The incidence of postengraftment invasive aspergillosis (IA) in hematopoietic stem cell transplant (HSCT) recipients increased during the 1990s. We determined risks for IA and outcomes among 1682 patients who received HSCTs between January 1993 and December 1998. Risk factors included host variables (age, underlying disease), transplant variables (stem cell source), and late complications (acute and chronic graft-versus-host disease [GVHD], receipt of corticosteroids, secondary neutropenia, cytomegalovirus [CMV] disease, and respiratory virus infection). We identified risk factors associated with IA early after transplantation (≥ 40 days) and after engraftment (41-180 days). Older patient age was associated with an increased risk during both periods. Chronic myelogenous leukemia (CML) in chronic phase was associated with low risk for early IA compared with other hematologic malignancies, aplastic anemia, and myelodysplastic syndrome. Multiple myeloma was associated with an increased risk for postengraftment IA. Use of human leukocyte antigen (HLA)-matched related (MR) peripheral blood stem cells conferred protection against early IA compared with use of MR bone marrow, but use of cord blood increased the risk of IA early after transplantation. Factors that increased risks for IA after engraftment included receipt of T cell-depleted or CD34-selected stem cell products, receipt of corticosteroids, neutropenia, lymphopenia, GVHD, CMV disease, and respiratory virus infections. Very late IA (> 6 months after transplantation) was associated with chronic GVHD and CMV disease. These results emphasize the postengraftment timing of IA; risk factor analyses verify previously recognized risk factors (GVHD, receipt of corticosteroids, and neutropenia) and uncover the roles of lymphopenia and viral infections in increasing the incidence of postengraftment IA in the 1990s.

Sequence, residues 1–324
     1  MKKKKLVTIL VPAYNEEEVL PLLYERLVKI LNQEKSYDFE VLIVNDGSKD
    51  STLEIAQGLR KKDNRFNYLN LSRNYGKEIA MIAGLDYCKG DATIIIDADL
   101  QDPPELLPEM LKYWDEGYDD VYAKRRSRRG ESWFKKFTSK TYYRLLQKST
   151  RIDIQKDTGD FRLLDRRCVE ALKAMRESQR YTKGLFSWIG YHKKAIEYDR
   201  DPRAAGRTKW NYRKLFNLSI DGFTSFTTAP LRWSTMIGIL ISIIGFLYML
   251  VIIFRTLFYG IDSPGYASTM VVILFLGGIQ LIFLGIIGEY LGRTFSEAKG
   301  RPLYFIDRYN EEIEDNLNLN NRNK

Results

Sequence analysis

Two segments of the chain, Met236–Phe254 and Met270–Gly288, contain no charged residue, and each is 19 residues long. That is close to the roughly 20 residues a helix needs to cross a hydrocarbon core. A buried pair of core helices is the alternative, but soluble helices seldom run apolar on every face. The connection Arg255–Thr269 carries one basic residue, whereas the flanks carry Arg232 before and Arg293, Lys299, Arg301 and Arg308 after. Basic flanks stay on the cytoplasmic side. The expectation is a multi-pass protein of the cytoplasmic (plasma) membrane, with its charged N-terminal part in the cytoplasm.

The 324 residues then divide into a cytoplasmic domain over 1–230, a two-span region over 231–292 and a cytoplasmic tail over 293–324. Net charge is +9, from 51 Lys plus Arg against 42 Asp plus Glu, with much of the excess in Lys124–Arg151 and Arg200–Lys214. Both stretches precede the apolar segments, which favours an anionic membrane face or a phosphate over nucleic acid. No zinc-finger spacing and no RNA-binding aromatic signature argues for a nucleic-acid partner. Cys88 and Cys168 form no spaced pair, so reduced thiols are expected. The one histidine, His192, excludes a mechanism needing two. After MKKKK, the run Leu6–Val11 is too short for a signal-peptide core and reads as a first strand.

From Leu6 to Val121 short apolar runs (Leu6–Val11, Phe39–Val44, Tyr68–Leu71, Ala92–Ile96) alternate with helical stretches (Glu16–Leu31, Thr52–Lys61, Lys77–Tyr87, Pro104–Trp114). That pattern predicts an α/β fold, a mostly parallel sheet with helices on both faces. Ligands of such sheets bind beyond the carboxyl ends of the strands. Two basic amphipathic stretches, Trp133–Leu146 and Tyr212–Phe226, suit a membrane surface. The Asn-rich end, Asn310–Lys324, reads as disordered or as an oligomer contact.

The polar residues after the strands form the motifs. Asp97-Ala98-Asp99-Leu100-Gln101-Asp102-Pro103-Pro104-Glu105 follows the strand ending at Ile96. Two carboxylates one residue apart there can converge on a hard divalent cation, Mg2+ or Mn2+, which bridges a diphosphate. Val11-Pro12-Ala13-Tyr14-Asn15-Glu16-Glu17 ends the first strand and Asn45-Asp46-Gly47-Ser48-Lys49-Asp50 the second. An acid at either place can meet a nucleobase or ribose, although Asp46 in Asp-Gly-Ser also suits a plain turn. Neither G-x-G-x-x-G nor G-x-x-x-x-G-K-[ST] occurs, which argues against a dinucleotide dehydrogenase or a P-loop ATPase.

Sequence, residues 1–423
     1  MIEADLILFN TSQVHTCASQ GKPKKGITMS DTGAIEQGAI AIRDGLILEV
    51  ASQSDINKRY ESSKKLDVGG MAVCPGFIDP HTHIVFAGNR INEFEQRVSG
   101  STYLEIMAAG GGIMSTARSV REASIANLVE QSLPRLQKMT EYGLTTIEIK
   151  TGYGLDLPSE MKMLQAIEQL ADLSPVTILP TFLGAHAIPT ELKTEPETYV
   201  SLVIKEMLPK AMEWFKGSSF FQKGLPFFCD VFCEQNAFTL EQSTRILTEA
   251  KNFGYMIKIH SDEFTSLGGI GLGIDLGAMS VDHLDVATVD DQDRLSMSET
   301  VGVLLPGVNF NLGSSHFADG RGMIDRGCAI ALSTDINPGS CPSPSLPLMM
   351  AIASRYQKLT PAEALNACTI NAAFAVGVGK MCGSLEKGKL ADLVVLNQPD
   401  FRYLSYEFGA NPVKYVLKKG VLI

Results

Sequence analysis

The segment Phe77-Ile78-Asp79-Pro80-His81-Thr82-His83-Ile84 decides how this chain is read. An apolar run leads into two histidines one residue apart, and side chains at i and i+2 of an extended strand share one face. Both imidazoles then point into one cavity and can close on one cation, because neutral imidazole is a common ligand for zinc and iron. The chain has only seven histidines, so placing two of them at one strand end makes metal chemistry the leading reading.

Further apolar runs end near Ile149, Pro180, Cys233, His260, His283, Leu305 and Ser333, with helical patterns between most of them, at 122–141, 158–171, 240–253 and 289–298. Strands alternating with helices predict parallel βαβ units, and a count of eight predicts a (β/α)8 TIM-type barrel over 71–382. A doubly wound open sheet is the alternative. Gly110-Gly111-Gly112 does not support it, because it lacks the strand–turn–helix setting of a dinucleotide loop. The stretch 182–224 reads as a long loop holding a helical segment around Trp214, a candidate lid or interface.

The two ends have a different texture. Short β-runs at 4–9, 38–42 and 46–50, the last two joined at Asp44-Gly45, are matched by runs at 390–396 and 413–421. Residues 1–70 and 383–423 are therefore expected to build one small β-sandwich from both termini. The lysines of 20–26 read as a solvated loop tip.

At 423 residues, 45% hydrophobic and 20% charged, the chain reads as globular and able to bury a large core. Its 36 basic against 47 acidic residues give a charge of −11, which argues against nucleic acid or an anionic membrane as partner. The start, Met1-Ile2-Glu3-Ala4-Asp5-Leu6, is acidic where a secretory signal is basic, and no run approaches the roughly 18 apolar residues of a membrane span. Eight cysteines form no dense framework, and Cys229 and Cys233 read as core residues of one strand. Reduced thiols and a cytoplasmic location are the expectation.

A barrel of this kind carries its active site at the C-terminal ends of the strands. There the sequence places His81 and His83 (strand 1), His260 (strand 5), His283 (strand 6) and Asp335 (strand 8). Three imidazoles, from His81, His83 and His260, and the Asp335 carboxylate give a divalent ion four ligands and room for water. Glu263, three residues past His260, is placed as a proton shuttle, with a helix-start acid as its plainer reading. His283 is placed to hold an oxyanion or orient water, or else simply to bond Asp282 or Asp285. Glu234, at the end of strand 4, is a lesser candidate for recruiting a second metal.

ASJC Scopus subject areas
- Cell Biology